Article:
Thursday, 3 March 2016

Time for a good cry?

Immediately a cock crowed. Then Peter remembered the word Jesus had spoken: “Before the cock crows, you will disown me three times.” And he went outside and wept bitterly… When Judas, who had betrayed him, saw that Jesus was condemned, he was seized with remorse… Matthew 26:74-75; 27:3.

I have to confess that I’m not really the tearful type. I use the word “confess” there deliberately, because I see this as a failing in me. I comfort myself by thinking that probably I’m just (a) too English and (b) too male, but I’m not sure that’s much of an excuse. Tears, surely, can be a good and healthy thing.

So there’s a bit of me that quite envies those who cry easily. And that must include Peter here.

It’s been a bad, bad day. Peter has seen his master Jesus led away for trial. He can sense what is going to happen: the unspeakable horror of crucifixion. He sees that all the hopes he has pinned on this man are about to be brought to nothing.

And even worse, from his own personal point of view, he has done the very thing Jesus had said he would do, and which he had vigorously rejected; he has disowned Jesus three times (26:34-35). The crowing of the cock, foretold by Jesus as the signal of his failure, penetrates his heart like a knife.

And so (what vivid words these are!) “he went outside and wept bitterly”. As The Message puts it, “he cried and cried and cried”. Can you see him…?

Poor Peter!

And yet at the same time, surely, happy Peter. His tears are healthy, showing the depth of his sorrow and anguish. And it won’t be long before the risen Jesus takes him quietly aside with words of comfort, healing and restoration (John 21:15-19). No recriminations. No stern “Didn’t I tell you?” No finger-wagging “Remember this next time”.

No. Just “Do you love me? Feed my lambs… Feed my sheep…Follow me.” It doesn’t actually say so, but I can’t help wondering if Peter shed some more tears – tears of a totally different kind – on that occasion.

With Judas, the man who betrayed Jesus to the Roman soldiers in Gethsemane, it’s different. Certainly, he repents – after a fashion. But Matthew uses a different word from the normal “repent”: “he was seized with remorse”. He returns the money he was paid, and he confesses his treachery: “I have sinned, for I have betrayed innocent blood”.

But there is no mention of tears such as Peter shed. We are left to speculate that Judas was angry and frustrated with himself, sorry about what has happened, but not really sorry for his sin. And, sadly, he feels he has no alternative but to kill himself.

A wonderful new start for Peter. A terrible, tragic end for Judas. How many human lives over the centuries have followed one or other of those trajectories?

I long ago gave up trying to make sense of what might have gone on in Judas’ mind. There’s bit of me that wants to say to God: “But, Lord, he was sorry for what he did! He did confess his sin! He did give the money back. Can there be no forgiveness for him?”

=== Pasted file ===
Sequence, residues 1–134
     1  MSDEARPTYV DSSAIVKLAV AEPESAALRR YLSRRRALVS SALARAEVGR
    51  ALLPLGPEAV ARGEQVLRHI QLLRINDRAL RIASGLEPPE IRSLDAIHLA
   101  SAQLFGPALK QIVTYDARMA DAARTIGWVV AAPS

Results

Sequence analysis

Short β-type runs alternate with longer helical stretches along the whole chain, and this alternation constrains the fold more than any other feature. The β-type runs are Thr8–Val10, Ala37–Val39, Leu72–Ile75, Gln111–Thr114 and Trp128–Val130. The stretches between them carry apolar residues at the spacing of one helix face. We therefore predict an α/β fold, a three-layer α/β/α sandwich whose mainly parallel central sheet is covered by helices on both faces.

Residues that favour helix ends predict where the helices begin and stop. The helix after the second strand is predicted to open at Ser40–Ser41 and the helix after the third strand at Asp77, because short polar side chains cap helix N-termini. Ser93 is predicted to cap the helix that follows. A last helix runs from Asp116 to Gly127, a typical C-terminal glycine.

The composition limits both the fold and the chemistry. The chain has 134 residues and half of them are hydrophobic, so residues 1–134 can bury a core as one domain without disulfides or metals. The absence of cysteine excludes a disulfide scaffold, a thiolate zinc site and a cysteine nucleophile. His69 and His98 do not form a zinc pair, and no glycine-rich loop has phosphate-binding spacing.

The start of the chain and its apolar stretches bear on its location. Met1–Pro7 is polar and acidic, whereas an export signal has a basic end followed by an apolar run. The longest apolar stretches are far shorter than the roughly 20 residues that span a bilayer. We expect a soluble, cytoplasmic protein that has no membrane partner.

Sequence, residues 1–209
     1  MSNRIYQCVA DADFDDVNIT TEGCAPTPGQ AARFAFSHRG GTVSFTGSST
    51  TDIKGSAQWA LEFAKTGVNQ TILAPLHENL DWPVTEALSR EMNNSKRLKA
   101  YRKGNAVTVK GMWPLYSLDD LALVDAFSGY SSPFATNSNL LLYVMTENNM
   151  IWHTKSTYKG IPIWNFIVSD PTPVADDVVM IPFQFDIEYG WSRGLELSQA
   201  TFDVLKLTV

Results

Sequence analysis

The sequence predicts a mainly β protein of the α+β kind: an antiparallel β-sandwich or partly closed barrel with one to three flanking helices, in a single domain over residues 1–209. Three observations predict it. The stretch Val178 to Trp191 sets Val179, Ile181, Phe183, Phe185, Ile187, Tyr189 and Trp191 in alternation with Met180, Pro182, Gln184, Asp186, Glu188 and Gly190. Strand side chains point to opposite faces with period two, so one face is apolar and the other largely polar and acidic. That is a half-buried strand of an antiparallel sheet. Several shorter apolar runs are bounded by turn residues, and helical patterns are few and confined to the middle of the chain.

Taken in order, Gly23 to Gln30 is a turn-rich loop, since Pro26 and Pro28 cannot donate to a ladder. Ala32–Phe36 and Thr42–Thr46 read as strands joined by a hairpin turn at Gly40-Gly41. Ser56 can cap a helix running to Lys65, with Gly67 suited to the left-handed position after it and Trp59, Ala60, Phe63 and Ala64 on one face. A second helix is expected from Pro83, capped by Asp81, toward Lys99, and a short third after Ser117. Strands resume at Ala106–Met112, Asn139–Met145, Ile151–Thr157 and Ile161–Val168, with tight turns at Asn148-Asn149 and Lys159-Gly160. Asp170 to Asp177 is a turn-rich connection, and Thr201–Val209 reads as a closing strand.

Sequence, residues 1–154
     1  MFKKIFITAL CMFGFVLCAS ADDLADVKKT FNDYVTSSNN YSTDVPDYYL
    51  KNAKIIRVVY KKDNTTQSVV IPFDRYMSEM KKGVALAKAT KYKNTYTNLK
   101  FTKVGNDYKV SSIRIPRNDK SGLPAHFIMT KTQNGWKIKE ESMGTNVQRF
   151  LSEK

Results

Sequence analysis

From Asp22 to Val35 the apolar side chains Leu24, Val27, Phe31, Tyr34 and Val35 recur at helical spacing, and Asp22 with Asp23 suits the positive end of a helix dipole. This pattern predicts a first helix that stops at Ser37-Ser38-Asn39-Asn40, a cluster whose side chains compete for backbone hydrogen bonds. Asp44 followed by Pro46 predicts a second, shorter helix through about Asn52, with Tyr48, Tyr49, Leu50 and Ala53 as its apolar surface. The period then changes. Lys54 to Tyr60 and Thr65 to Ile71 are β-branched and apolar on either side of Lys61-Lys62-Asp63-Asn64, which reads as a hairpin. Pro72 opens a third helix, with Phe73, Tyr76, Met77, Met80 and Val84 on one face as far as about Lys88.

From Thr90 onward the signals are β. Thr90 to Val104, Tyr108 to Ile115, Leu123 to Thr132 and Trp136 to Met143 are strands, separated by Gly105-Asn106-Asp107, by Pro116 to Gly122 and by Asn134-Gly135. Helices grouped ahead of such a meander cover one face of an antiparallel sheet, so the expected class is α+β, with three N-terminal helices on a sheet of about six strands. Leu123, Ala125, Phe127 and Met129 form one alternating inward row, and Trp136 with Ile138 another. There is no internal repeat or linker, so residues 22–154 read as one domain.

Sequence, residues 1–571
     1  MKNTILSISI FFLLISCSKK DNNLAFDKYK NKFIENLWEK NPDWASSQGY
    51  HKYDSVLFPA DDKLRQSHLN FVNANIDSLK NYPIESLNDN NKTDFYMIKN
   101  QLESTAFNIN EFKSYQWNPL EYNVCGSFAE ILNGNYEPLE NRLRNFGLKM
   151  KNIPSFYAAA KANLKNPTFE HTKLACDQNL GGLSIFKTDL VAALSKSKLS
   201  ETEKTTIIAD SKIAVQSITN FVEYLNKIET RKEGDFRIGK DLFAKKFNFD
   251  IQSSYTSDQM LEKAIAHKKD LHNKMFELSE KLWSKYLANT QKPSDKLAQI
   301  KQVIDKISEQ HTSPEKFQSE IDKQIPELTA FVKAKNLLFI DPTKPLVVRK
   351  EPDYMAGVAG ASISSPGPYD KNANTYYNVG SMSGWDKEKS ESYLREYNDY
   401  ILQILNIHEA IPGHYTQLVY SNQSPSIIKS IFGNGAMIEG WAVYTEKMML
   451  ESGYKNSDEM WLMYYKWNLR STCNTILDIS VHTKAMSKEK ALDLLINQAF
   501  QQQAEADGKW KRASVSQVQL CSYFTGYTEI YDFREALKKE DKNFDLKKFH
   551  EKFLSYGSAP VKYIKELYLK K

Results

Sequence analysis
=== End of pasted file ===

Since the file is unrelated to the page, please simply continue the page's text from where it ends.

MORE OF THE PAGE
I ask myself: suppose Judas had fought his way through to Jesus, thrown himself at his feet and cried out for forgiveness… might things have been different? But then, of course, he didn’t…

In the end I give up. God is God, and who am I to question his ways? His justice and his mercy are perfect. We read in his word that “he is not willing that anyone (including, presumably, Judas) should perish, but that everyone should come to repentance”. (And who said that? Peter! – in 2 Peter 3:9. Who should know better than him?).

The destinies that overtake different human beings are truly a mystery. I read in the paper this morning about the young student recently murdered in Egypt. It appears that before they killed him his murderers tortured him for a week. Can your mind or mine fathom how fellow members of our human race could do such a thing? Or why such a thing should happen to that young man?

And then I read of lives wonderfully transformed by the power of God’s grace – gang members, say, whose eyes are opened to the wickedness and futility of their life-styles, and who devote themselves to promoting peace and reconciliation.

Yes, in sinful human nature (and that means yours and mine, of course) there are depths beneath depths beneath depths – but also unimaginable and wonderful heights for those who truly repent.

No, I don’t really know what to make of Judas, but then it isn’t for me to second-guess a just and holy God. But I do know what happened to Peter! And I thank God for his outburst of tears.

May someone reading this find the same release, the same repentance, the same restoration.

The same forgiveness. Amen.

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